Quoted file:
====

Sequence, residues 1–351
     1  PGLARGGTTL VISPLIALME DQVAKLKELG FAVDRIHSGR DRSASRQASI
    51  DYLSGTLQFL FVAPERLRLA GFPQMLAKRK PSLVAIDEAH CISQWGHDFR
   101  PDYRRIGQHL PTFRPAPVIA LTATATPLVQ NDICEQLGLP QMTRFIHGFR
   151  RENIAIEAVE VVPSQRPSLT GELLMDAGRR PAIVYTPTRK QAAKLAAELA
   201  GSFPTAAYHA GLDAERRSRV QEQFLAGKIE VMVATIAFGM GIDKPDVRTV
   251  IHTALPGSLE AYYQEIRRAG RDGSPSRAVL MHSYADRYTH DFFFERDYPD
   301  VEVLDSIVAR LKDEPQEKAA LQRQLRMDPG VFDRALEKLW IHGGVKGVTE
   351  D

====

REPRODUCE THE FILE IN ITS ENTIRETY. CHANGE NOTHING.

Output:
Sequence, residues 1–351
     1  PGLARGGTTL VISPLIALME DQVAKLKELG FAVDRIHSGR DRSASRQASI
    51  DYLSGTLQFL FVAPERLRLA GFPQMLAKRK PSLVAIDEAH CISQWGHDFR
   101  PDYRRIGQHL PTFRPAPVIA LTATATPLVQ NDICEQLGLP QMTRFIHGFR
   151  RENIAIEAVE VVPSQRPSLT GELLMDAGRR PAIVYTPTRK QAAKLAAELA
   201  GSFPTAAYHA GLDAERRSRV QEQFLAGKIE VMVATIAFGM GIDKPDVRTV
   251  IHTALPGSLE AYYQEIRRAG RDGSPSRAVL MHSYADRYTH DFFFERDYPD
   301  VEVLDSIVAR LKDEPQEKAA LQRQLRMDPG VFDRALEKLW IHGGVKGVTE
   351  D